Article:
…an interview with James “Sunny Jim” White
by Mike Sales
One of the perks of writing this article, other than getting to know artists I may not otherwise meet, is the opportunity to interview musicians who are further along in their careers than I am and get a first-hand glance of what their stage of the game looks like.
Along those lines, interviewing Sunny Jim was inspiring. Jim is an award winning singer songwriter, with scores of original recordings to his credit, long-standing house gigs on the island, a regular tour schedule and a national following.
As I was leaving the interview with 20 minutes of questions and answers recorded on my phone, Jim popped the trunk and gave me four CDs, which I listened to before writing.
With his unique, yet genre-loyal sound and writing style, excellent production and witty, sometimes touching subject matter; it’s no wonder things are going so well for Sunny Jim.
WPT: Where are you from?
Sunny Jim: I’m originally from San Antonio, Texas. My dad worked for Gulf Oil, and when I was 10, we moved to Corpus Christi for two years. That was pivotal for me because, just as I was nearing my teenage years and becoming aware of the world, I discovered the beach, out on Padre Island. We moved to Bakersfield California for my Junior High School and High School years, and I went to college in Chico, California and remained for another 6 years after that, playing music.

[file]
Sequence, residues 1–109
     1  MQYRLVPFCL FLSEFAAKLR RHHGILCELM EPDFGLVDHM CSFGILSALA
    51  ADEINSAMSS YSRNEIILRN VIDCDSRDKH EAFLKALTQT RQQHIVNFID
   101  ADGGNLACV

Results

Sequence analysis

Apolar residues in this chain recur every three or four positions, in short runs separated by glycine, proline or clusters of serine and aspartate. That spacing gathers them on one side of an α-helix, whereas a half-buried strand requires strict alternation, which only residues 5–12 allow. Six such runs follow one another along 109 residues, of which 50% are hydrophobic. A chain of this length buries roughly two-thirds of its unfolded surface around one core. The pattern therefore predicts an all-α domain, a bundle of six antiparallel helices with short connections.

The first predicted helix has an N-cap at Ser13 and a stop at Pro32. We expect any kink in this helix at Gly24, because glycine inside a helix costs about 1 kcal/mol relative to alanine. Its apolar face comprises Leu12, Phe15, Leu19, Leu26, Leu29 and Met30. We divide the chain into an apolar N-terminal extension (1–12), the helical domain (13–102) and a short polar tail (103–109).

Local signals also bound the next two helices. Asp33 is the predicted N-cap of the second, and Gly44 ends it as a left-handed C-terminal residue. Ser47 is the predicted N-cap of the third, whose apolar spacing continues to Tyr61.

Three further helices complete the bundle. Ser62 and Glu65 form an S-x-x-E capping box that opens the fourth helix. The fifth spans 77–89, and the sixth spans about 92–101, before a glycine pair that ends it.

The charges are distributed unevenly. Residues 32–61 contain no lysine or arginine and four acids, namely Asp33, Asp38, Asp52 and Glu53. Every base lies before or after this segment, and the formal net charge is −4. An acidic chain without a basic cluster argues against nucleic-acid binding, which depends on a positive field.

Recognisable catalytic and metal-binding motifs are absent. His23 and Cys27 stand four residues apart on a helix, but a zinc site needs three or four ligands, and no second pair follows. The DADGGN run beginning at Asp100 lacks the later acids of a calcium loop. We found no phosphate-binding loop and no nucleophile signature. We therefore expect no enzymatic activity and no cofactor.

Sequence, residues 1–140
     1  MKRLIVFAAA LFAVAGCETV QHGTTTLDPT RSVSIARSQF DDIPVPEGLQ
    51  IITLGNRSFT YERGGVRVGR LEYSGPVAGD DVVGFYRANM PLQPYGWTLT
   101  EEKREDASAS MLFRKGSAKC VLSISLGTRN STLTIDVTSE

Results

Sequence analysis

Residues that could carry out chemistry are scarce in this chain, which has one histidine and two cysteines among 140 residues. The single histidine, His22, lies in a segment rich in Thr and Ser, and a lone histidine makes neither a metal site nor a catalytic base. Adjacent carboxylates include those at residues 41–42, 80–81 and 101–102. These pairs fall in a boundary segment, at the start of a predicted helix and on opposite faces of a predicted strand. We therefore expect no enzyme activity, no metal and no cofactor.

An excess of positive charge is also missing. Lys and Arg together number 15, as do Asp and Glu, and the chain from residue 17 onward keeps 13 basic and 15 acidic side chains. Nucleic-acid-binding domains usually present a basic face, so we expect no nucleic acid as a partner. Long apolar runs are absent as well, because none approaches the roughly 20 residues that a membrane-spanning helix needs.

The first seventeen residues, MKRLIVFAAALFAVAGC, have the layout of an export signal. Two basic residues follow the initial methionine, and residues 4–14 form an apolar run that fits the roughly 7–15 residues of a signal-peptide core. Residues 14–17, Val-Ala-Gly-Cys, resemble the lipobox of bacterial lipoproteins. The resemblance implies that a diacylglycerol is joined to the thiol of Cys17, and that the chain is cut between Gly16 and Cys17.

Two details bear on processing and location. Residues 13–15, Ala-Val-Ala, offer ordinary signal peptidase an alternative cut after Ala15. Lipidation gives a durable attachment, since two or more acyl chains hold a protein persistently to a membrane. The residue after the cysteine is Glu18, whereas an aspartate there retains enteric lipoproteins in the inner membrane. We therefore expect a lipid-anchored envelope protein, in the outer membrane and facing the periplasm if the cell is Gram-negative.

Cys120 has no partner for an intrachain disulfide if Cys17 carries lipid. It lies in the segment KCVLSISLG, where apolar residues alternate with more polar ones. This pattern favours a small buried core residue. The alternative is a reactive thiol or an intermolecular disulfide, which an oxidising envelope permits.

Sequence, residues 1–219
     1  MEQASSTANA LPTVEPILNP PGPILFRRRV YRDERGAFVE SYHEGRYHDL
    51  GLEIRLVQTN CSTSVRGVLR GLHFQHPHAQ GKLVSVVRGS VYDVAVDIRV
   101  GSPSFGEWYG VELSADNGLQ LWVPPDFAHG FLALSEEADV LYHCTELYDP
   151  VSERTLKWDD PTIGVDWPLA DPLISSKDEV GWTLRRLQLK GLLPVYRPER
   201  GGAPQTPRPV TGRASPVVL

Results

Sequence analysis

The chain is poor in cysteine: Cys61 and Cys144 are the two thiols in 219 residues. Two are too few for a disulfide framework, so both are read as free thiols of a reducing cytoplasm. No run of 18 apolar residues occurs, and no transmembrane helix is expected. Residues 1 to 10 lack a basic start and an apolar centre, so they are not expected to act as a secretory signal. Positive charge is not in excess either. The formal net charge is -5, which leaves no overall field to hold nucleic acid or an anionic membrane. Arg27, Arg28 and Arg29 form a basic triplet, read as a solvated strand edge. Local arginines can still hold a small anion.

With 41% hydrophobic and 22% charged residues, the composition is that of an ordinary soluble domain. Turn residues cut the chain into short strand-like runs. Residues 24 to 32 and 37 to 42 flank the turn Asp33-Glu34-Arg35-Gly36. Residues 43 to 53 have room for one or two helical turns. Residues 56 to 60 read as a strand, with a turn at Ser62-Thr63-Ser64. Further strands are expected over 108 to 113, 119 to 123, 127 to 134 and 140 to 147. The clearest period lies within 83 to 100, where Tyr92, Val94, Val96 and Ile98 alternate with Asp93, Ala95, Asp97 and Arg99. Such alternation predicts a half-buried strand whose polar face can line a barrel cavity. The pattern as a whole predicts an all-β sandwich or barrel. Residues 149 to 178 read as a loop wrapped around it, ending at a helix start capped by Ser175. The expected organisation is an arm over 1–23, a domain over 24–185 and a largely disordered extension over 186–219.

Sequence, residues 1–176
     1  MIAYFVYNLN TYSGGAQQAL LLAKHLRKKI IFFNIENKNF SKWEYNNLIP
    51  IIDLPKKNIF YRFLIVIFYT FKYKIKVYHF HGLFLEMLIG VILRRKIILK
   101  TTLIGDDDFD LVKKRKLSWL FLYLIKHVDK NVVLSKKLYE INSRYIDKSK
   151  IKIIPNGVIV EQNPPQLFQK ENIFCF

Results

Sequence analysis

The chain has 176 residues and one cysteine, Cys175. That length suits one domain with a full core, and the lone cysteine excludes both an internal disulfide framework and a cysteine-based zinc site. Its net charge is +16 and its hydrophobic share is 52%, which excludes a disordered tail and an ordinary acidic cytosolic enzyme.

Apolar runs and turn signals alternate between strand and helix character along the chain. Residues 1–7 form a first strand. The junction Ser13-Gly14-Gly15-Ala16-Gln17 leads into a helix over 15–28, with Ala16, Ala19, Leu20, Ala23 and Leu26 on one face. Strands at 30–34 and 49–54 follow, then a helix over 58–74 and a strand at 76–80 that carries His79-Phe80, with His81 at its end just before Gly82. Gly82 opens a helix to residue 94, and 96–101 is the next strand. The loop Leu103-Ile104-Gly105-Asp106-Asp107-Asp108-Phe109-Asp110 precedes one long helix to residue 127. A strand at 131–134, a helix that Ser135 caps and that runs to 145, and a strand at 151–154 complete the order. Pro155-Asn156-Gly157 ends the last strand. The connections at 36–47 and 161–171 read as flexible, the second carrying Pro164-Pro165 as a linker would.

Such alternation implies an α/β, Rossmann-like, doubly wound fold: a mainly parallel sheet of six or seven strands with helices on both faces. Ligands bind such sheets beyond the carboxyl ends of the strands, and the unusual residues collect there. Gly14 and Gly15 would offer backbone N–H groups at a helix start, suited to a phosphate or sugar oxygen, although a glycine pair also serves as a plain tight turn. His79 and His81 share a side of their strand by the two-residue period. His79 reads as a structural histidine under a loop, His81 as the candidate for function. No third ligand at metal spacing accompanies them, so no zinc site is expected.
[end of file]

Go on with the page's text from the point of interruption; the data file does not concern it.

WPT: When did you start playing music and writing songs?
Sunny Jim: I started writing music about the same time I learned to play guitar around age 12. Right off the bat, I realized that writing your own music was pretty much the only way to differentiate yourself.
WPT: Did you ever have a job other than music?
Sunny Jim: I had a job processing Medicare Claims after college, for 3 years until I paid off my truck and sound system. I have been playing music for a living ever since.
WPT: How did you get to Siesta Key?
Sunny Jim: From Northern California, where I had a small band and worked as a solo and duo act, I moved, with my band to Nashville where I focused on my songwriting career.
It felt like graduate school to go and hear the great songwriters there. I used to work at the Bluebird Café, a premier songwriting spot in Nashville. I’d hear amazing songwriters…Don Schlitz, who wrote “The Gambler”, among dozens of number one hits, John Prine, and all of the great songwriters from the 80’s. It was like sitting in on a master class…really inspiring for a young songwriter like me.
From Nashville I joined a 50’s-60’s show band, the Marvells, traveling the East Coast. The band booked work on a cruise ship in the Caribbean…one step closer to the beach for me.
While onboard, the Jamaican band hired to play afternoon shows, jumped ship in Jamaica and the cruise director needed someone to fill in. Since I was the only band member with solo experience, I took the spot. They could only pay me with a bar tab, so for the next 3 weeks, I was literally playing for drinks. They also asked me to come up with a Caribbean name to use in the promo flyer for the passengers, so I used a nickname I’d picked up in Nashville. Because of my sunny disposition and because he was a huge “Hard Days Night” fan, a drummer friend called me Sunny Jim. Once the band heard it, they started calling me Sunny Jim. About a year later, the band booked a yearlong stint at the Treasure Island Resort in Grand Cayman, and soon everyone on the island got to know me as Sunny Jim, so the name just stuck.